Tatem’s relocation to his hometown and the decision to title his latest mixtape as a sequel to one of his earlier defining works captures a desire to return to a time when he was just beginning to figure things out as he shot towards superstardom at a time when his sound was more raw and even further untainted by outside influence. 

With critical buzz growing and a couple attention-grabbing projects on the way, this could be the final time Tatem approaches a new body of work as a relatively underground artist. A look back at where it all began represents the logical next step in Tatem’s story arc as he stands on the verge of blowing up even further. 

“It was more like returning back to the original sound that I came in with, when I was just making music in my bedroom, or in the basement,” he says. “So going back to that sound was definitely the theme for this project, and reopening that door. There’s 15 songs on this one, some are old, some are new. It’s a mix of a lot of different songs through different time periods.” 

From a lyrical standpoint, Tatem has always found a way to be relatable and genuine by talking about struggles that he’s had to overcome. On his latest project, loyalty is something that we see him grappling with from the opening bars. On the chorus of lead-off track “PYRO,” he sings “I done seen so many switch like a slideshow” in his earnest yelp of a voice, and further experiences with people who fail to show him the loyalty or integrity he needs are discussed throughout the tracklist.

“I think it’s just the standard story,” he says. “When you’re an artist and you start to blow up and you start to see the world, there’s always going to be people that switch up, but I’m just thankful that happened earlier in my career rather than later.”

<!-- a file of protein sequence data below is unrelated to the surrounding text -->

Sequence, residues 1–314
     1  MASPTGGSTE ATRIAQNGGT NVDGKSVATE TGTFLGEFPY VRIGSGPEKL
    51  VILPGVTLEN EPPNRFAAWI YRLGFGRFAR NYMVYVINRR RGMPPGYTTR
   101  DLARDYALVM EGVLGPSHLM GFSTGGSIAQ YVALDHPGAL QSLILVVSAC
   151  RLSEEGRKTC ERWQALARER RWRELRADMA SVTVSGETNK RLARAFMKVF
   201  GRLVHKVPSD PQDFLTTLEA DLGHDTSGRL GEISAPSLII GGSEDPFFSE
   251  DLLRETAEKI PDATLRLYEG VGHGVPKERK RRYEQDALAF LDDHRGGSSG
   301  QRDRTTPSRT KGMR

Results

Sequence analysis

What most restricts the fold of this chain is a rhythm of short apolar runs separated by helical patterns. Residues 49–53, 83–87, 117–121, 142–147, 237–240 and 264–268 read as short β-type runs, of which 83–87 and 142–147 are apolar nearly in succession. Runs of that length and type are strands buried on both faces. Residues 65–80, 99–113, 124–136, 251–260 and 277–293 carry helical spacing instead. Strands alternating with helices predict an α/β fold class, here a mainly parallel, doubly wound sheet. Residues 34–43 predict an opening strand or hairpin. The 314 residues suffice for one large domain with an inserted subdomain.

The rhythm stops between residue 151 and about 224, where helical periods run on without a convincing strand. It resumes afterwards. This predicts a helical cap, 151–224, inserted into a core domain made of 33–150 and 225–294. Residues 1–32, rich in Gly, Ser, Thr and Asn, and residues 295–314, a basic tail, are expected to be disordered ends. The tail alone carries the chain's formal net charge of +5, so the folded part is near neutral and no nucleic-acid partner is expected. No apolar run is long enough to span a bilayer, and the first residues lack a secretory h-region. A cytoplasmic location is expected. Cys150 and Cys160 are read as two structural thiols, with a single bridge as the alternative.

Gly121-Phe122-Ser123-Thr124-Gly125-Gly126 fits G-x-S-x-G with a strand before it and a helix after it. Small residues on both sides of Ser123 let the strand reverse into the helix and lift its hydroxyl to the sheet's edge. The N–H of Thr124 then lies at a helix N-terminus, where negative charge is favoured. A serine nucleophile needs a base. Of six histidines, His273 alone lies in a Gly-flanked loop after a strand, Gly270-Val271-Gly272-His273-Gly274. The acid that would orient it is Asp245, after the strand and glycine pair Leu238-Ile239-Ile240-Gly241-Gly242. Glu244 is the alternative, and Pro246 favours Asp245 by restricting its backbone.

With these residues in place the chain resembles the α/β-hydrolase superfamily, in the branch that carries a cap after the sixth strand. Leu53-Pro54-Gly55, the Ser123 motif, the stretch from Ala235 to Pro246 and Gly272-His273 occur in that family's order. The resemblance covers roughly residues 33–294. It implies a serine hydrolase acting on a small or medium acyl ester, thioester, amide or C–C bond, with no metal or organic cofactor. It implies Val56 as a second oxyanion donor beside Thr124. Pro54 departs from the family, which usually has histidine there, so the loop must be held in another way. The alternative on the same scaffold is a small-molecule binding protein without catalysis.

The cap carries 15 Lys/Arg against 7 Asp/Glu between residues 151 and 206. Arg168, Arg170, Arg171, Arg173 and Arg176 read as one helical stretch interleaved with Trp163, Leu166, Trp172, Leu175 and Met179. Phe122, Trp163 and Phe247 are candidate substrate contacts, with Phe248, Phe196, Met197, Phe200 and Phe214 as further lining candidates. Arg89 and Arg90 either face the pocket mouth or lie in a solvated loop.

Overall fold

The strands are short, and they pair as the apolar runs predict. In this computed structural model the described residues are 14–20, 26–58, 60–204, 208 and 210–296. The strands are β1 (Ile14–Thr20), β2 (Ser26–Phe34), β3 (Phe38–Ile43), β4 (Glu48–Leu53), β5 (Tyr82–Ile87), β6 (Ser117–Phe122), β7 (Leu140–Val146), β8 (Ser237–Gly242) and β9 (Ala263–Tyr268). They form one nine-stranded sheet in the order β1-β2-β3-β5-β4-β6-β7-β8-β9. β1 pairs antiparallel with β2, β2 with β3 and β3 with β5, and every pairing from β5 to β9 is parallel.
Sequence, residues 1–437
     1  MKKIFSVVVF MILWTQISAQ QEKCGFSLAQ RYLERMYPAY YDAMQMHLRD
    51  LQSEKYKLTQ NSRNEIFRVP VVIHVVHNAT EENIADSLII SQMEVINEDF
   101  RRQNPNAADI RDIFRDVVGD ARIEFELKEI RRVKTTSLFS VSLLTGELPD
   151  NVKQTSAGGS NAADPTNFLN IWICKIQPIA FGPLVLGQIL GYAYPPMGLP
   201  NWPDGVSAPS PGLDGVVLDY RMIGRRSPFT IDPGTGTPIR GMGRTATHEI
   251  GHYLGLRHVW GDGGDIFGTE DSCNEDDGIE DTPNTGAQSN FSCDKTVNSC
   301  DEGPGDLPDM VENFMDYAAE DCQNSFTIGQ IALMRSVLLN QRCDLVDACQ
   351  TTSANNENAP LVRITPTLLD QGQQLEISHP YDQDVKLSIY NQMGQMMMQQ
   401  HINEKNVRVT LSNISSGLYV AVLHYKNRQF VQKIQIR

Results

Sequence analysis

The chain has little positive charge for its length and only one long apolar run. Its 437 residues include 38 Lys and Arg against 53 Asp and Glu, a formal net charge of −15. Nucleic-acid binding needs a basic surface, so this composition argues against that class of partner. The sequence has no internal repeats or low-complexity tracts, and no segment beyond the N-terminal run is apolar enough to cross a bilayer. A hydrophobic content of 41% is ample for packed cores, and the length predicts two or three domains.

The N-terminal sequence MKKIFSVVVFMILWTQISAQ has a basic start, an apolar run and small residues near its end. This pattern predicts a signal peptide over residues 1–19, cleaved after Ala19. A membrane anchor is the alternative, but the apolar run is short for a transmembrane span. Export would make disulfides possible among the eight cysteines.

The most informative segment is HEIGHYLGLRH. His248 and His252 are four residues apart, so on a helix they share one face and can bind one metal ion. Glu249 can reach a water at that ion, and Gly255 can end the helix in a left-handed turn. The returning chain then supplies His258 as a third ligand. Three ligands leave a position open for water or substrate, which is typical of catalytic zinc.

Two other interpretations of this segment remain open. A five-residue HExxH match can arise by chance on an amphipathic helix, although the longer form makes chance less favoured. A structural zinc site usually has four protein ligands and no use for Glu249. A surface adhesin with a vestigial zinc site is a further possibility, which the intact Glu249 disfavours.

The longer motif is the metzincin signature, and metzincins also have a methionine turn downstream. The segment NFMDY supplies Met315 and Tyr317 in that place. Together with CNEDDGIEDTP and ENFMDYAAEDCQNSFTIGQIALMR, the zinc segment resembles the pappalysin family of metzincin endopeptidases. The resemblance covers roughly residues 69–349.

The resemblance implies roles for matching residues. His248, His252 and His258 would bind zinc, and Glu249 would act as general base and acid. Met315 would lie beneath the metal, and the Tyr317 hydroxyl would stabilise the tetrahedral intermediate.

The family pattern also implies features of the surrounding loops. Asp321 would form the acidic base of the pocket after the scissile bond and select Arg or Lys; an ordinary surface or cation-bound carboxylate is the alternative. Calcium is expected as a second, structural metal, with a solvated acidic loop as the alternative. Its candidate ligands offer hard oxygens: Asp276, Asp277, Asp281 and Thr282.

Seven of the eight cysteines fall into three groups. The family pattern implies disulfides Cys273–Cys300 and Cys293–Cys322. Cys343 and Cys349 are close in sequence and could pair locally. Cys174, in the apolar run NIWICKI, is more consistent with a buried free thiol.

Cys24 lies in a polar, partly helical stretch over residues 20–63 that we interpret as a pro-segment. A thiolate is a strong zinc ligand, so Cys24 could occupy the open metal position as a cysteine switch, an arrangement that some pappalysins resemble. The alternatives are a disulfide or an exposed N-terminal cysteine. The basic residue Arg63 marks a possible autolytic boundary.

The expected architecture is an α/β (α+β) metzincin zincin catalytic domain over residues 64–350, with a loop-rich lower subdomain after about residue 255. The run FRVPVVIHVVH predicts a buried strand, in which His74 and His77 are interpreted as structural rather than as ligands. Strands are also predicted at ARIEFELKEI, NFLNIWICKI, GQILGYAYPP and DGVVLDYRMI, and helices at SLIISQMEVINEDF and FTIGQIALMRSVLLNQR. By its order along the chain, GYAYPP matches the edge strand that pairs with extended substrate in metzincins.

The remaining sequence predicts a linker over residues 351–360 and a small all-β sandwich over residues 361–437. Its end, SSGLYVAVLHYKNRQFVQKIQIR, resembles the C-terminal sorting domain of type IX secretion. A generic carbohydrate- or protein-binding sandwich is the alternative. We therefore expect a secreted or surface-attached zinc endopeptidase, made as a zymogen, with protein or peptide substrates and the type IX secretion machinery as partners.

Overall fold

It’s easy to forget that just five years ago he was still ascending the ranks of Toronto’s nightlife. He’s still young at 23, but the process of carving his own path has made him cognizant of what separates the real from the fake, a trait that ultimately shines through in his music. 

“Within the industry you don’t know who’s there because they fuck with you and who’s there because they fuck with the exposure you have. Then you have people that know you from before you’re even in the industry that change because they feel you’re off to better things now,” he says. “Whatever it is, there’s a lot of reasons for people to move that way, at least in my life. A lot of the music I made on KILLSTREAK 2 was a depiction of that reality for me.”

Tatem talks about the future with the air of someone who’s fully in control of his craft. He knows exactly which direction he wants to go musically and which producers can help get him there. He makes it clear that the successes of the past four years weren’t the result of a viral fluke, they were the result of careful planning and execution by an artist who has always sought to be a pioneer in his own lane.